Strong 6.8 earthquake shakes Ecuador, Peru, killing several
A 6.8 magnitude earthquake struck southern Ecuador and northern Peru at 12:12 p.m. local time (1712 UTC/GMT) Saturday, killing at least 14 people.
The epicenter of the quake was roughly 80 kilometers (50 miles) south of Ecuador's second biggest city, Guayaquil, and nearly 10 kilometers from the city of Balao in the province of Guayas.
Other cities including Quito, Manabi and Manta felt tremors.
Guillermo Lasso, Ecuador's president, said the situation had "generated alarm in the population." He asked that people remain calm in a tweet.
Lasso said he planned to travel to El Oro Saturday.
What do we know so far?
The Risk Management Secretary, Christian Torres, said in an interview on Ecuadorean radio that 11 people died in El Oro, the coastal state, and one in the mountainous state of Azuay.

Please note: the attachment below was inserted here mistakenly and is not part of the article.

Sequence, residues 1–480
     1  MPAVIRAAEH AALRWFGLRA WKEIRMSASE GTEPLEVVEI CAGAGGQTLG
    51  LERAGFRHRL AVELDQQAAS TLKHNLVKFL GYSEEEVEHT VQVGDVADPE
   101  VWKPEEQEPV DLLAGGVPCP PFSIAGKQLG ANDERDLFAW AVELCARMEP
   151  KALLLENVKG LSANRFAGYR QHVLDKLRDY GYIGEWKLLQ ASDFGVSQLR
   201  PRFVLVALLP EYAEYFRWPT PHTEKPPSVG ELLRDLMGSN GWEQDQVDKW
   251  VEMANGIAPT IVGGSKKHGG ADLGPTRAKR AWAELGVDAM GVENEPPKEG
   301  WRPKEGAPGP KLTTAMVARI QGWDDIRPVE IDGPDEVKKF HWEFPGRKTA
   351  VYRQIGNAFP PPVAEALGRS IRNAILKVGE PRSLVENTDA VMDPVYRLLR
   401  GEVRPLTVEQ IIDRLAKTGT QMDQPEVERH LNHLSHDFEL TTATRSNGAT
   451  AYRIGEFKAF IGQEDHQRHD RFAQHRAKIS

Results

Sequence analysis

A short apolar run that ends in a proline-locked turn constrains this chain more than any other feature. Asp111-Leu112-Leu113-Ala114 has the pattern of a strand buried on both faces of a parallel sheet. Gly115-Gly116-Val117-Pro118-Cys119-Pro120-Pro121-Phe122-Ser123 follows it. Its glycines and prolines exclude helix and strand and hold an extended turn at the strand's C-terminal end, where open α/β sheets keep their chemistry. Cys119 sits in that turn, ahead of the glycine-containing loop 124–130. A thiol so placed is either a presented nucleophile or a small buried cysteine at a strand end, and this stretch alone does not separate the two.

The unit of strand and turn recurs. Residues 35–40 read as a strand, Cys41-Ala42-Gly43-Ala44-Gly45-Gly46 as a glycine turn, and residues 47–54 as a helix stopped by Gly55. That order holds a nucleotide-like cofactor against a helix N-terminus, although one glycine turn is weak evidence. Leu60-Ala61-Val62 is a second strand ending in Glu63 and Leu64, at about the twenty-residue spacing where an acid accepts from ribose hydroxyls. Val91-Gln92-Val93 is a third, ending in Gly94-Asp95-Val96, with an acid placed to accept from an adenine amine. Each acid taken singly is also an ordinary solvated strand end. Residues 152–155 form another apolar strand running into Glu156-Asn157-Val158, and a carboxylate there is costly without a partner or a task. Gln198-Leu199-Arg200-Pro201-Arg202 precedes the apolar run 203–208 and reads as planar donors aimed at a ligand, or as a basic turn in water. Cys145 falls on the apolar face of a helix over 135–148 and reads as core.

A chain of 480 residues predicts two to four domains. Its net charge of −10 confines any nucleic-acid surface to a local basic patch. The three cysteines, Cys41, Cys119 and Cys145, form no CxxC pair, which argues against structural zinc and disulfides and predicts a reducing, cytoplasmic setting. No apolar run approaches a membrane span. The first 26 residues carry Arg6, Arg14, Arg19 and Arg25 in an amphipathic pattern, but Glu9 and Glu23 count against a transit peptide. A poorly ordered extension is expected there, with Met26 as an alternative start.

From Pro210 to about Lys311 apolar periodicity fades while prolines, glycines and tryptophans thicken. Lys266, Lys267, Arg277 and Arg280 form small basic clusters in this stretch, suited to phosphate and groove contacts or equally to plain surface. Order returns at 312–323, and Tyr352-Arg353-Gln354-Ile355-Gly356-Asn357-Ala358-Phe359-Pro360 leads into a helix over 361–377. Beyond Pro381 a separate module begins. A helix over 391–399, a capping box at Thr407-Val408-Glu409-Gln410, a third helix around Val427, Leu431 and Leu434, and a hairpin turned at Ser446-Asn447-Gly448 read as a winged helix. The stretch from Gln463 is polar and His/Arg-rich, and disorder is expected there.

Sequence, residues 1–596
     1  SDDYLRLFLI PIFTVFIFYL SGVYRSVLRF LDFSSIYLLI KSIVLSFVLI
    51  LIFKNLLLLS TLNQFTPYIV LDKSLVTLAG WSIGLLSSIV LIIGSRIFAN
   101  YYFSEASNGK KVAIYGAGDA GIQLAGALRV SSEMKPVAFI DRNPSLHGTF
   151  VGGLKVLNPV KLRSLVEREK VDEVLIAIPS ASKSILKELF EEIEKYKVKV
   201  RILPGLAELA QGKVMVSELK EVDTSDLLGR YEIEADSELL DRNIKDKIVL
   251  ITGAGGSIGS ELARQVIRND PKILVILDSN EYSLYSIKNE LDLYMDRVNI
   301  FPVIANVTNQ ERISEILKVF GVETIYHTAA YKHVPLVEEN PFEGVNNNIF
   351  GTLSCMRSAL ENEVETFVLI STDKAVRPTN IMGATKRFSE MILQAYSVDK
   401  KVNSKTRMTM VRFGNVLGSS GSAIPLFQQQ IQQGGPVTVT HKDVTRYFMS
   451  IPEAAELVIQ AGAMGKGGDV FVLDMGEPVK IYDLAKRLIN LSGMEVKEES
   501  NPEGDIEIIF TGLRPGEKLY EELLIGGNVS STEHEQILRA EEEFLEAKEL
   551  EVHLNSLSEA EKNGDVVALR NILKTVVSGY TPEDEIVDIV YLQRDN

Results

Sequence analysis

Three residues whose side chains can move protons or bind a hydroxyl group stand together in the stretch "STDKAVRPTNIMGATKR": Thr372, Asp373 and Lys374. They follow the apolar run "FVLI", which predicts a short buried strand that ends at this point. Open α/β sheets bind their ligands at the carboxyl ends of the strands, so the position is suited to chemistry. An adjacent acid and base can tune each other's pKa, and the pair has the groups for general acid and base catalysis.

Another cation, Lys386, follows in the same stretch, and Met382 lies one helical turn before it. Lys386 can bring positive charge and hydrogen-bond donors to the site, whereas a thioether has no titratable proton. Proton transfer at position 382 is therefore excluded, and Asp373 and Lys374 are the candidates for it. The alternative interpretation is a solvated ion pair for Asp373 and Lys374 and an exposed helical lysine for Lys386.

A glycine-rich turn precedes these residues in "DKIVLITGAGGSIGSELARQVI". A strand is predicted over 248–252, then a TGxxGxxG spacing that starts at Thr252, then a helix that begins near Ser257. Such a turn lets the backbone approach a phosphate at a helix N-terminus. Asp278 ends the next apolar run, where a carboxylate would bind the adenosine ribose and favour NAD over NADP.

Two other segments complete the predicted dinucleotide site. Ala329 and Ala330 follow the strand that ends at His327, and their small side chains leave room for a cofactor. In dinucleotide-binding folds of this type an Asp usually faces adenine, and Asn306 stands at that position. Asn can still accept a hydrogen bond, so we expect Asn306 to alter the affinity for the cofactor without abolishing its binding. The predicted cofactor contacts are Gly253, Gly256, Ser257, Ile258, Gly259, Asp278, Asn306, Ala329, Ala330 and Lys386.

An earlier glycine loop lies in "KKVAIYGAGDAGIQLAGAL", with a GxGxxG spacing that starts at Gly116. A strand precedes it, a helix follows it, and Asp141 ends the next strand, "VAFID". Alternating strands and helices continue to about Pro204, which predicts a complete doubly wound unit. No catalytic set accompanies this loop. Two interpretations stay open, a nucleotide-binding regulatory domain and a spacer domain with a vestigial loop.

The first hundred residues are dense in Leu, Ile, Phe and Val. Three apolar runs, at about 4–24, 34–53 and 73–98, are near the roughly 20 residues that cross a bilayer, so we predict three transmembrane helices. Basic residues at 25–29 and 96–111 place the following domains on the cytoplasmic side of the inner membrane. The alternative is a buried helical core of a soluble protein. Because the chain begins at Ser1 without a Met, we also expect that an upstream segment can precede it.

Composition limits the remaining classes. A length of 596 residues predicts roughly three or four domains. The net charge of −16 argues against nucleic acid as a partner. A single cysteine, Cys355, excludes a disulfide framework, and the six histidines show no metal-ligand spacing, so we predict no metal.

The victim in Cuenca, in Azuay's Andean community, was riding in a vehicle when he was crushed by rubble from a residential building, Torres said.
In the town of Machala, a two-story home collapsed trapping an unknown number of people inside.
Ecuador's emergency response agency said firefighters were at work to rescue those who remain trapped. The country's national police were at work assessing the damage.
Power and telephone lines were both reportedly down in some places, making the work of emergency crews all the more hazardous.
Three tunnels were closed in Guayaquil, a city of three million. People gathered on the streets following the quake with many reporting objects falling inside their homes.
No deaths or injuries were reported in northern Peru, though the old walls of an army barracks collapsed in the northern region of Tumbes.
In 2016, 600 people died following an earthquake in Ecuador.
The Ecuadorean Navy ruled out the risk of a tsunami.